Cinco De Mayo, commemorates the victory of the Mexican militia over the French army at The Battle Of Puebla in 1862. and is primarily a regional holiday celebrated in the Mexican state capital city of Puebla and throughout the state of Puebla. It is not, as many people think, Mexico's Independence Day, which is actually September 16. In the United States we observe Cinco De Mayo by celebrating Mexican culture and those significant to it’s sovereignty. Sadly, I think our celebrations have little to do with our pride in our Latino neighbors.
“While politicians tonight toast Latinos with margaritas as they dip their chips into mild salsa they would be wise to remember that the battle that is being commemorated was one won by an outnumbered and grossly underestimated people determined to maintain their freedoms and independence. A tough lot to beat, just ask the French.” Mario Solis-MarichAs for me, I will celebrate my wildy underestimated neighbors both as Americans and Mexicans. Yes, while munching on chips and HOT salsa, but also knowing full well their incontrovertible existence into what for many years before and has now become a giant part of our American culture.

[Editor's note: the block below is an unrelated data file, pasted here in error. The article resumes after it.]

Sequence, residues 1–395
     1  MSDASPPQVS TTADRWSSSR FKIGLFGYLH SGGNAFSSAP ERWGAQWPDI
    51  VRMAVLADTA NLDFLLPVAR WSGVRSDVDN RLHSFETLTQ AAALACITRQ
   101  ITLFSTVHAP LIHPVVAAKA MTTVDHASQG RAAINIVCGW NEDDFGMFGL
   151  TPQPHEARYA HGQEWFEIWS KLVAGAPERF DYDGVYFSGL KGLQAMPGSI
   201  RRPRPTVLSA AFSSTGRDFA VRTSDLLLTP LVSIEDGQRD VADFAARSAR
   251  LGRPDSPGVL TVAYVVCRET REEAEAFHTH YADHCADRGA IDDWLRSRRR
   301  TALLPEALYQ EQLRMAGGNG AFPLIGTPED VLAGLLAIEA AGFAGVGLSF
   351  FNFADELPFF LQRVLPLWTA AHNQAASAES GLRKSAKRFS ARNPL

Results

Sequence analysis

What better icon of Mexico and self-determination than the artist Frida Kahlo? It’s hard for me to choose which Frida to show you, so I will show you them all; The adoring wife/the mustached lesbian, the vapid invalid/the eager revolutionary, the tempting seductress/the discouraging muse, the focused collector/the prolific journalist, the joyous housewife/the Tehuana fashionista, the willing student/the rebellious child, the patriotic Mexican/the communist militant, the gentle animal lover/the motherless mercenary, the gregarious host/the recoiling superstar and the celebrated painter/the magnificent painting.
Portrait of Frida in the center was illustrated by me! Kamie Kahlo